Vascular Disease and Circulation of the Foot

The prevalence of vascular disease or poor circulation in the foot has been increasing along with diabetes in our patient population over the past few months.  With this increase we have seen more and more people suffering from pain when walking, cramping in their legs, and the appearance of ulcers.  The key to preventing these symptoms is by getting your feet checked prior to the symptoms.  The most common cause of vascular disease to the foot is caused by plaque in the arteries that inhibit blood flow to the lower extremity.  If the plaque or blockage of the artery is severe enough then symptoms of pain when walking and cramping when in bed are seen.  Intermittent claudication or pain in the legs when walking a short distance is something that patients should be aware of.  If you have pain when walking, and have to take a break from the activity every few moments due to leg pain, then you may have vascular disease of the lower extremity.  If you have pain at night when lying in bed and it is relieved by hanging your feet off the edge of the bed, then you may have vascular disease.

Diagnosis vascular disease of the lower extremity is quite simple.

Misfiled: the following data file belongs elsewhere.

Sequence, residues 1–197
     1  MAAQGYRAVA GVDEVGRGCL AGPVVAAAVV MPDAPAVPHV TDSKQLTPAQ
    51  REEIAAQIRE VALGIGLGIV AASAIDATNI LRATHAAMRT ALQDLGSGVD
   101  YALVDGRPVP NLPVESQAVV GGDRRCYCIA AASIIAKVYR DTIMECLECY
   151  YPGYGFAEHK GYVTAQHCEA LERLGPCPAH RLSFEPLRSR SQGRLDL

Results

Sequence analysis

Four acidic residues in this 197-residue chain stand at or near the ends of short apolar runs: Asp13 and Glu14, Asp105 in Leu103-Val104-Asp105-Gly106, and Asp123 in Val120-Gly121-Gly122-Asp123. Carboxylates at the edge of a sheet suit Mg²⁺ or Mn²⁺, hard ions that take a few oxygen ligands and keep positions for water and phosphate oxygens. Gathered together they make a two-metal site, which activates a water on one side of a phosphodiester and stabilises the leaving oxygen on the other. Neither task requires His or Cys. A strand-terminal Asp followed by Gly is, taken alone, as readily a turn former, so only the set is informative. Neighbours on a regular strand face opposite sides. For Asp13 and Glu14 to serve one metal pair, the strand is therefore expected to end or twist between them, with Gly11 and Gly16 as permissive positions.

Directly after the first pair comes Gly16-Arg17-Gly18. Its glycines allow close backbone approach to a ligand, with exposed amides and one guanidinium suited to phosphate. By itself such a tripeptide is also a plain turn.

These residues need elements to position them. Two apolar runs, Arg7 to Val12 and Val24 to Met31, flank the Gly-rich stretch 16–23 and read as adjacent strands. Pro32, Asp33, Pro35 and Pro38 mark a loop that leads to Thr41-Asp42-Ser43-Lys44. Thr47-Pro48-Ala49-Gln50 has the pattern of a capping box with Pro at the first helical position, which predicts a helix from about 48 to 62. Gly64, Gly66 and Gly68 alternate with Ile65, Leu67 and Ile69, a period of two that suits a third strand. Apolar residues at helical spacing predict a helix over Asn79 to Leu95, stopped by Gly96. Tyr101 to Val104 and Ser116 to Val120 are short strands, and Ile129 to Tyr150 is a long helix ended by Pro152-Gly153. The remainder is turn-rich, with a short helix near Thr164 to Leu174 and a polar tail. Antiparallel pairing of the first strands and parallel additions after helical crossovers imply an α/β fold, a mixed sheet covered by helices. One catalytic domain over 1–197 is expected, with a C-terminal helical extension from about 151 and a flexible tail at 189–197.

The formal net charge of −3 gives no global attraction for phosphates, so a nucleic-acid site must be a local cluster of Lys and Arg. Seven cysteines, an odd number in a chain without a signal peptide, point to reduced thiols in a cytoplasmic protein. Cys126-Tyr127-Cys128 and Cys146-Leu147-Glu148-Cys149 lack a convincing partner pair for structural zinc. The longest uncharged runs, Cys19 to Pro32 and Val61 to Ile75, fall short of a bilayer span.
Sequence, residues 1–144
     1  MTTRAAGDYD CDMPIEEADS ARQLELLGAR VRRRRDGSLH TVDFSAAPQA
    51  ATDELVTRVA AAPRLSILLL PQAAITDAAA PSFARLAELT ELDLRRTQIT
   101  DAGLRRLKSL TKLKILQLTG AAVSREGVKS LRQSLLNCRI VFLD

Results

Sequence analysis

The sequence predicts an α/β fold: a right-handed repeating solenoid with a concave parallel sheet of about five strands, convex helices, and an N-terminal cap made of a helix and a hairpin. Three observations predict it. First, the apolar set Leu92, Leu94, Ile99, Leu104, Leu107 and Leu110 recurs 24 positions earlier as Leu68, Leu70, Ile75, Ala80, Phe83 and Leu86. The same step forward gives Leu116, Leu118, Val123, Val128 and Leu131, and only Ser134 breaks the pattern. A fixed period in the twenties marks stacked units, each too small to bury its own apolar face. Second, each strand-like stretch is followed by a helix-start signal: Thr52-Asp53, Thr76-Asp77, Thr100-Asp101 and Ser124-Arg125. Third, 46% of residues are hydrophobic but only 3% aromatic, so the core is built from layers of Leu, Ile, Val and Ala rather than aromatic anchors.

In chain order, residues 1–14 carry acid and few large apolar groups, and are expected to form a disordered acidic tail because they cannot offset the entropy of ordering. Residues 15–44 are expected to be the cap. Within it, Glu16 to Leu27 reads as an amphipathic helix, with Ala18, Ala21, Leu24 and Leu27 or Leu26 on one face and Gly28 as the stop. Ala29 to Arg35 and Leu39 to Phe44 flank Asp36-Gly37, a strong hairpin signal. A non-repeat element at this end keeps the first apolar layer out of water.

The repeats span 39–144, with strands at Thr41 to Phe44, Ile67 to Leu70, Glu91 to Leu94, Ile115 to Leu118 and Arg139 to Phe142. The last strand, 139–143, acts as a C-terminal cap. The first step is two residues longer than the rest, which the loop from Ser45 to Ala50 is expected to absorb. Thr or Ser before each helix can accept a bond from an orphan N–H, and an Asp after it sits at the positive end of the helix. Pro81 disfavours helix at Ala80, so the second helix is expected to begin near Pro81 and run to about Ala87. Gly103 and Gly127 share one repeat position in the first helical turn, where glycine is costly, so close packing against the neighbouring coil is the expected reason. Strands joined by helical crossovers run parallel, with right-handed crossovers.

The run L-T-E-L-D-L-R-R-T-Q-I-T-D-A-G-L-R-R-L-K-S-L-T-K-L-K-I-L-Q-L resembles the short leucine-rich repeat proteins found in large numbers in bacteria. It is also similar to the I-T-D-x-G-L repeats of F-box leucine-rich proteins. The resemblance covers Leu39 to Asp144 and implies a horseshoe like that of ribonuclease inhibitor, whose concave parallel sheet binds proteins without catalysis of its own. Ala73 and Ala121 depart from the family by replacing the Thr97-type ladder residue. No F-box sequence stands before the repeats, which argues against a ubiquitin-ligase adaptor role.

Initially we at the clinic can screen your for problems by using our sophisticated ABI (ankle brachial index) machine which not only measures flow to the foot but also the toes.  This machine essentially measures the blood pressure that is flowing to the toes and feet with absolutely no discomfort to the patient.  The test is run at the office and takes about 10-15 minutes to complete.  We review the results with you immediately after the test so that you can gain an understanding of the problem.

If we require more invasive testing then we will refer the patient out to a vascular surgeon who can perform an angiogram.  Angiogram is the gold standard in diagnosing and assessing vascular diseases to the limbs.  Essentially, the surgeon will inject a dye into the patient through an IV and then will take multiple images of the legs and lower extremity to view where the blockages are in the legs.  The dye makes the blockages very easy to see and therefore treatment can be tailored to the specific arteries that need repair.  The vascular surgeon will then determine what type of procedure would best fit the patient.  More often than not an atherectomy will occur which is basically a minimally invasive procedure where the blockages in the vessels are cleared with a balloon that is placed in the artery and then pushes the plaque out of the way, so that blood flow can be reestablished.

At Advanced Podiatry we utilize the latest medical technologies available and therefore can help to diagnose vascular disease early so that we can prevent future complications.  Please call and make an appointment today to assess your vascular status today.

Best Regards,

Dr. Jairo Cruz Jr